Wednesday, September 7, 2011 (Last Updated: 09/08/2011)
WEDNESDAY, Sept. 7 (HealthDay News) -- Annual mammography and self-breast exams should be used for detecting breast cancer, even for women younger than 50 years, for whom routine mammography and teaching self-breast exams was not recommended by the 2009 U.S. Preventive Services Task Force (USPSTF), according to a study presented at the 2011 Breast Cancer Symposium, held from Sept. 8 to 10 in San Francisco.
Jamie Caughran, M.D., from the Lacks Cancer Center in Grand Rapids, Mich., and colleagues investigated the impact of the 2009 USPSTF recommendations on diagnosing and treating breast cancer. De-identified data on method of detection, cancer stage, age at detection, treatment type, and patient demographics were collected from the Michigan Breast Oncology Quality Initiative for 5,903 women with breast cancer.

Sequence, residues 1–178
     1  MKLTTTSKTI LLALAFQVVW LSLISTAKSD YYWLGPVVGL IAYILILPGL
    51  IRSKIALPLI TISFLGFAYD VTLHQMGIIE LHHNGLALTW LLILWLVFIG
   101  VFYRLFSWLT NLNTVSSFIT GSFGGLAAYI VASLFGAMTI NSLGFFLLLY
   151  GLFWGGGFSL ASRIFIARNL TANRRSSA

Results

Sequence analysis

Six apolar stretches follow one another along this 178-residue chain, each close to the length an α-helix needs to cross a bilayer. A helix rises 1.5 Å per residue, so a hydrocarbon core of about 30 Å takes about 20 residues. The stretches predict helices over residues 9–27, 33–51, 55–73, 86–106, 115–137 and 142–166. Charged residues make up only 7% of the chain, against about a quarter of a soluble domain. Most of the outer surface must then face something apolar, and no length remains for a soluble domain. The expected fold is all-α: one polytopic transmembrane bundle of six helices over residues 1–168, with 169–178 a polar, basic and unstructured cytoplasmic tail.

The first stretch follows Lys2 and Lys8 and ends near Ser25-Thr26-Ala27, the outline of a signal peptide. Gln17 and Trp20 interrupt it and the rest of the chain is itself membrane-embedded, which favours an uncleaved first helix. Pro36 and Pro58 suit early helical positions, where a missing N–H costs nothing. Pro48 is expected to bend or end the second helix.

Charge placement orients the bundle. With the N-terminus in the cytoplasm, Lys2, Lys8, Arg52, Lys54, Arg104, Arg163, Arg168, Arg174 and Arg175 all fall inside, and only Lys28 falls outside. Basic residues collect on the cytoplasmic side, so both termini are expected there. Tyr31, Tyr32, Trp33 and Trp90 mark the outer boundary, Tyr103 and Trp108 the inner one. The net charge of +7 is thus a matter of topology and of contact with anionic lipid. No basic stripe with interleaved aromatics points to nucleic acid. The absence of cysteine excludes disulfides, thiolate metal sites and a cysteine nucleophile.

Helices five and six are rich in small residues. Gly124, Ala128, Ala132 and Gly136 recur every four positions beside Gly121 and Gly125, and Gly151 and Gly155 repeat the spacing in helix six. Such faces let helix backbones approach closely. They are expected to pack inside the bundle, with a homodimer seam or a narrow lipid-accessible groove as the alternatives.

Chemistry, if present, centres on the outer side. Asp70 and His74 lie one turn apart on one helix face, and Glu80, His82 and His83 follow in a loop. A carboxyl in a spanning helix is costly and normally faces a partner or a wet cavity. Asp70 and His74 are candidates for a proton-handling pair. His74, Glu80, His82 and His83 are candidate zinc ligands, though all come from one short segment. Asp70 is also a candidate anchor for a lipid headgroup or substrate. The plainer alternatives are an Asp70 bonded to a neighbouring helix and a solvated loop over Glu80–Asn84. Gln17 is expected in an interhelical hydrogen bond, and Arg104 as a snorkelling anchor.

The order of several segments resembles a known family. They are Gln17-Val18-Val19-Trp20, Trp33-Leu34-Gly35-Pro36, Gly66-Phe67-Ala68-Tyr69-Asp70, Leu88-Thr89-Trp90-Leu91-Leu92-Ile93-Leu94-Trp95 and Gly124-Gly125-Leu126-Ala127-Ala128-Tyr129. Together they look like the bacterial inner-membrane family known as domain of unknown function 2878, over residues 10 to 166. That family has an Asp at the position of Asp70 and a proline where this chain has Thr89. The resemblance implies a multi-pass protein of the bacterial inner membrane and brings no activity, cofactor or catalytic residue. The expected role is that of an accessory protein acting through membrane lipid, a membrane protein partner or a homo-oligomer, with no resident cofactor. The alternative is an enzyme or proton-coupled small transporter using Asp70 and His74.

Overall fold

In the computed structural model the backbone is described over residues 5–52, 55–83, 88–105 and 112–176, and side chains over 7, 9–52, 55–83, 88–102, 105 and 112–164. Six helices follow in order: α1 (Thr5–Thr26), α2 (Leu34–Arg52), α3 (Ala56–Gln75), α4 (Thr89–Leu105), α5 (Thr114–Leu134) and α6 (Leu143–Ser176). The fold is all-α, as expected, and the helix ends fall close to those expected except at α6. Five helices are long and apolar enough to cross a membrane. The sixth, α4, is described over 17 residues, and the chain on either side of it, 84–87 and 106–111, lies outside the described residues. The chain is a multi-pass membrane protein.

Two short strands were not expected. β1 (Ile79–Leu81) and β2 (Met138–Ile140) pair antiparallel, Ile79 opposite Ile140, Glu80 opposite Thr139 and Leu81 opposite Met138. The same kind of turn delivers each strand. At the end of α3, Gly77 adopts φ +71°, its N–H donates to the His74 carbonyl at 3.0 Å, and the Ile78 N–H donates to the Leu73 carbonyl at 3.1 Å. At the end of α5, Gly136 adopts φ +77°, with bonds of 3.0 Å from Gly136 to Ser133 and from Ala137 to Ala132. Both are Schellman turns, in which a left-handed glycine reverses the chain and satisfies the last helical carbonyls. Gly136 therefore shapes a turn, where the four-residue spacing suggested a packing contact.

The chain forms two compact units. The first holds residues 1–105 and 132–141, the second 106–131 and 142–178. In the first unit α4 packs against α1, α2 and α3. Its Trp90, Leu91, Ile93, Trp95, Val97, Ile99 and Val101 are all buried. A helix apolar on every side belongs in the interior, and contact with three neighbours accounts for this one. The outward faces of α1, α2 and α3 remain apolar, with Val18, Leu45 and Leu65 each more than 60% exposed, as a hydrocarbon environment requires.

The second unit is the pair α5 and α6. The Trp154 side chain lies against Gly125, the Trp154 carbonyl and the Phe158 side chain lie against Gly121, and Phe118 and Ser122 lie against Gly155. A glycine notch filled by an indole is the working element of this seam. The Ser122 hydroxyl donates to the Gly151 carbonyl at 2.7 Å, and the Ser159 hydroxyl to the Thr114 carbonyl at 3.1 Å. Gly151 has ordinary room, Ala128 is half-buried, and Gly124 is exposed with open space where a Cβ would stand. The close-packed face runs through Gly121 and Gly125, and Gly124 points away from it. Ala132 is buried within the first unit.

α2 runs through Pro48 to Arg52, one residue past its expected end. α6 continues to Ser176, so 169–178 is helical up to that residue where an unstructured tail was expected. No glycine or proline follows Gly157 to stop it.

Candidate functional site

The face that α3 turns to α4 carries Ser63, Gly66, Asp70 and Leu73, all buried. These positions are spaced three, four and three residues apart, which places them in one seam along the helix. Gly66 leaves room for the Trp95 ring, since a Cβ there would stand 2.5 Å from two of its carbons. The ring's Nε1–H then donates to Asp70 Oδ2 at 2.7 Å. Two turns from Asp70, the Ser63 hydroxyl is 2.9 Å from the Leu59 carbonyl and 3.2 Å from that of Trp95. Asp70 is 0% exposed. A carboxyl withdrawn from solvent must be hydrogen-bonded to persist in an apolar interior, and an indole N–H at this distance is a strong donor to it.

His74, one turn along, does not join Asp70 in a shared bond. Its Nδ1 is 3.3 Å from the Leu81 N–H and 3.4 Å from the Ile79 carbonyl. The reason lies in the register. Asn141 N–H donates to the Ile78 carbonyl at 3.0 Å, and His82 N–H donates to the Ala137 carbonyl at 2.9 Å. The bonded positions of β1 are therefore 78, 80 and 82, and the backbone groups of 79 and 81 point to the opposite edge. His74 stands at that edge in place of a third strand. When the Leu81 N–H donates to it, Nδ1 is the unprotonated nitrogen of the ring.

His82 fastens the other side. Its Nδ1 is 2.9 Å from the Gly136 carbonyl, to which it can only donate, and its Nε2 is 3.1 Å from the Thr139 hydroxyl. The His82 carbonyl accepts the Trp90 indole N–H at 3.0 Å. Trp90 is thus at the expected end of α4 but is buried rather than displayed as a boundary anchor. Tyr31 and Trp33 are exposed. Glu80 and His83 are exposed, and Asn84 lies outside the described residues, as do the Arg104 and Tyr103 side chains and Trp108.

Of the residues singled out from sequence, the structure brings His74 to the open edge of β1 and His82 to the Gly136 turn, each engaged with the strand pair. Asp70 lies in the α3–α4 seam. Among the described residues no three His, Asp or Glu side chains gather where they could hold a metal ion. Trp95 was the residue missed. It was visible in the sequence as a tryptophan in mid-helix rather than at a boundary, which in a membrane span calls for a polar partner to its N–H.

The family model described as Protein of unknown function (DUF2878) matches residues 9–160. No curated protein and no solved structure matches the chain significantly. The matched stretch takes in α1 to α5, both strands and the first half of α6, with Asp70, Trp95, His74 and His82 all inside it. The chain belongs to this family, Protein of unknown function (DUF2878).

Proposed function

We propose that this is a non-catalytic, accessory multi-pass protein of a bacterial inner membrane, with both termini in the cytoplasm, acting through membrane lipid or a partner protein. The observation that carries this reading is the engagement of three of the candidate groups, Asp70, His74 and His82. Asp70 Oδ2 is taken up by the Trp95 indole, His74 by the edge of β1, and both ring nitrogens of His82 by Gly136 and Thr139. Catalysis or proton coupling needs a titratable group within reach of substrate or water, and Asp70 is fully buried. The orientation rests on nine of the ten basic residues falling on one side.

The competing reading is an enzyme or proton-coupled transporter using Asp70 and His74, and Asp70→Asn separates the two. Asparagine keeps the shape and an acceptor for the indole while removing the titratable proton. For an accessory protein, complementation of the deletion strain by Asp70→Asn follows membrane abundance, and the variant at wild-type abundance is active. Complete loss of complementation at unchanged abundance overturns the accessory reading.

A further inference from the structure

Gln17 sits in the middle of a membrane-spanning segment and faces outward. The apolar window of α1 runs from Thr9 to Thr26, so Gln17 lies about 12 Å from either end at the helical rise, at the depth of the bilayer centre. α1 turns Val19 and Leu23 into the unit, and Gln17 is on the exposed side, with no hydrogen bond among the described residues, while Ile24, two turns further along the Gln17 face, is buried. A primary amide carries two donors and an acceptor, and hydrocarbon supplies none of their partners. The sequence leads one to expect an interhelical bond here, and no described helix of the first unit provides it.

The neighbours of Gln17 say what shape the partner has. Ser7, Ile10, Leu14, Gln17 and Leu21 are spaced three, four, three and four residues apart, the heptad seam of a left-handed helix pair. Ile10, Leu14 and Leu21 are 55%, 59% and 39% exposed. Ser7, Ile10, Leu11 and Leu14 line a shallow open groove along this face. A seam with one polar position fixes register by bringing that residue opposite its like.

The investigators found that 65.5 percent of breast cancer was detected by mammography, 29.8 percent by palpation, and 4.7 percent by other methods. In 48.3 percent of the women under 50 years of age, cancers were detected by mammography; and in 46.1 percent of them, by palpation. Palpable presentations were found in younger patients, and cancers with palpable presentation were diagnosed at more advanced stages than with mammography. Breast conservation surgery was more common than mastectomy, but cancers detected by palpation were more likely to require mastectomy procedures.
"Results of this study validate the importance of annual screening mammography in women older than 50 years, and women aged 40 to 49 years recently omitted from screening guidelines," the authors write. "This study also supports the use of palpation as a method of detection."
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